PM’s agenda for police reforms

ESHWAR ANAND, in his article “Policing the people: PM sets the agenda for reforms” (Sept 17), has identified the major defects affecting police functioning. Sadly, it is the lack of public concern which allows the state governments to make police postings on considerations of political expediency.

Amazingly, there is no public outcry against the low rate of prosecution. A citizen’s stand is like that of a pigeon who, by keeping his eyelids closed, thinks that the cat will not eat him. Systemic failure will hit the nation hard. We can ill-afford an inefficient and corrupt police force. Forums for articulation, consolidation and expression of an unbiased public opinion are the need of the hour.

The Buta Singhs are able to flourish only due to lack of public concern and pressure. Otherwise, how is it that upright DCs and SPs of Siwan and Gopalganj in Bihar were shunted out? If these problems are resolved, the Prime Minister’s agenda on police reforms can succeed.

S. C. CHABBA, Ropar



Restore pension

Veteran soldiers who fought in Burma during World War II and their spouses drawing family pension have been left to fend for themselves at the fag end of their lives. It was rude shock for them whey they suddenly found that their pension/family pension has been stopped by the Accountant General (A&E), Punjab vide their notification No. Pen6/CMA/Burma/04-05/3192-3212 dated July 13, 2005.

These pensioners are in the age group of 80-90 years. This is critical time when they need physical and financial support. I earnestly request Capt Amarinder Singh, Chief Minister of Punjab, to help the hapless soldiers and their spouses affected by this notification.

Col KULDIP SINGH GREWAL (retd), Patiala


No society exists without crime. When the crime rate is unusually high and punishment is not commensurate with the offence, both crime and punishment become dysfunctional and the collective sentiments would lose their force to control human behaviour. This is what happened in Gurgaon and Gohana.

To maintain the collective sentiments at the necessary level, the police is indispensable. Hence, rectitude and uprightness in the police force are vital to enforce public morality. But when a police officer is forced to know tow to the whims of politicians, it is bound to demoralise the police force.

As the police is the byproduct of a society, it would be unfair to castigate it exclusively for the increasing crime rate. We don’t attack the crime’s root cause which lies in society itself. In a society where the socio-cultural structures generate pressure for deviant behaviour and the power in the form of money and political influence (read interference) determines who should be arrested or not, how can crime be reduced or public morality enforced? Unless these problems are addressed, institutional reforms will be meaningless.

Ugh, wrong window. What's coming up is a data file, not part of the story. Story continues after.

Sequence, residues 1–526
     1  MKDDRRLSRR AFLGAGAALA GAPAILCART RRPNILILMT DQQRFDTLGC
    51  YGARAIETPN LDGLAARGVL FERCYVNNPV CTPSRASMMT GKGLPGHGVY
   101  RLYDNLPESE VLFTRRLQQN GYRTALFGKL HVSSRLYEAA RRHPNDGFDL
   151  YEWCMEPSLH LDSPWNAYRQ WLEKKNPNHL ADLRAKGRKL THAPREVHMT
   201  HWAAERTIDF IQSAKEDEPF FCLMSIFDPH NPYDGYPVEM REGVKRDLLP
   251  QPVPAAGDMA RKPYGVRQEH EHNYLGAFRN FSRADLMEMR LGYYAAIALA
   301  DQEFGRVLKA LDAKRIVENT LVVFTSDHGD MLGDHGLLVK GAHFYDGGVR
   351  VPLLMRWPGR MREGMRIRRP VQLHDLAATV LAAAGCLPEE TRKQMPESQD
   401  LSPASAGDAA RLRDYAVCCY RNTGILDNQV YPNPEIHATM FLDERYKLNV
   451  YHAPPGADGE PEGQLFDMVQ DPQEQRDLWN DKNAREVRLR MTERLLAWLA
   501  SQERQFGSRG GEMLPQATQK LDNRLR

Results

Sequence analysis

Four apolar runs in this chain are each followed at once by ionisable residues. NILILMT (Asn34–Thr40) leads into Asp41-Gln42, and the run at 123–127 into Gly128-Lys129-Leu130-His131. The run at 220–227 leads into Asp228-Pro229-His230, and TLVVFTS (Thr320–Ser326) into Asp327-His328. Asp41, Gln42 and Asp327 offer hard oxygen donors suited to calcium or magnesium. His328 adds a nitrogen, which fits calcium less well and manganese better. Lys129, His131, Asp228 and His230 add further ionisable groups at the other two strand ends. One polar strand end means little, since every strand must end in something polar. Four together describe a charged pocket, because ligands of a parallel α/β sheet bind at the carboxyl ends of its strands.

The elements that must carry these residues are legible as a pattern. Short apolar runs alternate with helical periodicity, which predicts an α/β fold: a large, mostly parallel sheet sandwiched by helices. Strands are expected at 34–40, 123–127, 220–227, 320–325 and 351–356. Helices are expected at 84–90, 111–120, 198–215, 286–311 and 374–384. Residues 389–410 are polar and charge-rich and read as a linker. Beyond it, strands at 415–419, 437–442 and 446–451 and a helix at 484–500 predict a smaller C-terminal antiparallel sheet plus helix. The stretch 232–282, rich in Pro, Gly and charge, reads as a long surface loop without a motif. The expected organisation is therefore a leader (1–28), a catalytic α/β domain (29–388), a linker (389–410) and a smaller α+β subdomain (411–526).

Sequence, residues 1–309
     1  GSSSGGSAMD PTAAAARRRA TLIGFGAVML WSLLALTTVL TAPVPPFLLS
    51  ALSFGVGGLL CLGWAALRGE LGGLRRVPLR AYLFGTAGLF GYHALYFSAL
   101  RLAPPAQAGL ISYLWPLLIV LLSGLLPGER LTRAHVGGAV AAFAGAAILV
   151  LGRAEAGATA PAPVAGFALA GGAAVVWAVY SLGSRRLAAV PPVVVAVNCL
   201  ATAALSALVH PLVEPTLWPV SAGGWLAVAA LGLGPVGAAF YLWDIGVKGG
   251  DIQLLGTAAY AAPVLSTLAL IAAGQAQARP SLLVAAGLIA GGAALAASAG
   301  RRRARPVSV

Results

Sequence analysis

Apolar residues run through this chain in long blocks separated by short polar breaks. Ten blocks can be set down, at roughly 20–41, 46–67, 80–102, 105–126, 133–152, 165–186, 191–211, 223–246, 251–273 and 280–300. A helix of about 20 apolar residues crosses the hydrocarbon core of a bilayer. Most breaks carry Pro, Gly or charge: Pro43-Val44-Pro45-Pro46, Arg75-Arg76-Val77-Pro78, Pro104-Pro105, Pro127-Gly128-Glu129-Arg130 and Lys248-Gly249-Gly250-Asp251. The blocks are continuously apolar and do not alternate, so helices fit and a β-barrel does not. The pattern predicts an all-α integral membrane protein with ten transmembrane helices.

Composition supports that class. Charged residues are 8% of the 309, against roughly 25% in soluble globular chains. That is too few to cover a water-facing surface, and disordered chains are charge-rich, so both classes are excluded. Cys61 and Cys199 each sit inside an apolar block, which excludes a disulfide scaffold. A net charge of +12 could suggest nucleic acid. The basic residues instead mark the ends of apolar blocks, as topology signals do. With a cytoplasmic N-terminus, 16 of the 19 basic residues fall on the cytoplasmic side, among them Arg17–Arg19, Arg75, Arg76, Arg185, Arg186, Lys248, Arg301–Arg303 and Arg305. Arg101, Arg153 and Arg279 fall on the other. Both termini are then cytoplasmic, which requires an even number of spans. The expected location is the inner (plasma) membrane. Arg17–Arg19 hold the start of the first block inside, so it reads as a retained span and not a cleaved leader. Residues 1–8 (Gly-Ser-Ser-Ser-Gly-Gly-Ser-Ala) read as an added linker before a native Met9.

P.L. SETHI, Patiala


I understand the plight of policemen in course of my association with the Himachal Police in community policing in Hamirpur district. The political bosses control most SPs in the state. Local politicians select the SHOs and not the SPs.

I appreciate Prime Minister Manmohan Singh’s advice to the SPS not to succumb to political pressure. But he should have also told our leaders not to interfere in the functioning of the police. Of course, I have my doubts. Will Mr Laloo Prasad Yadav, for instance, heed the Prime Minister’s sane advice? The Dharma Vira Report should be implemented in toto for insulating the police machinery from political interference.


IIT reforms

The editorial “IIT exam reforms” (Sept 15) examines the psychology of the mushrooming coaching centres which stand to lose badly by the decision. Now that a First Class with 60 per cent in the Plus Two examination is a must for a student to take up the IIT entrance examination, it will, certainly, improve both teaching and learning in the high schools.

The Plus Two examination will hereafter be taken more seriously by the teachers and students than earlier. Similar parameters should be fixed for admission to all other technical and professional courses.

ARVIND PURI, Kapurthala

Bar girls’ woes

The Maharashtra government has committed a crime against humanity by depriving many poor bar girls of their means of livelihood without ensuring their proper rehabilitation. Corrupt politicians talking about moral values is like the devil quoting the scriptures.

The stony silence of the general public, especially the so-called self-styled champions of human rights, on this issue is most unfortunate. When politicians cannot provide employment to the people, how can they take away the jobs of the bar girls?

A.K. SHARMA, Chandigarh


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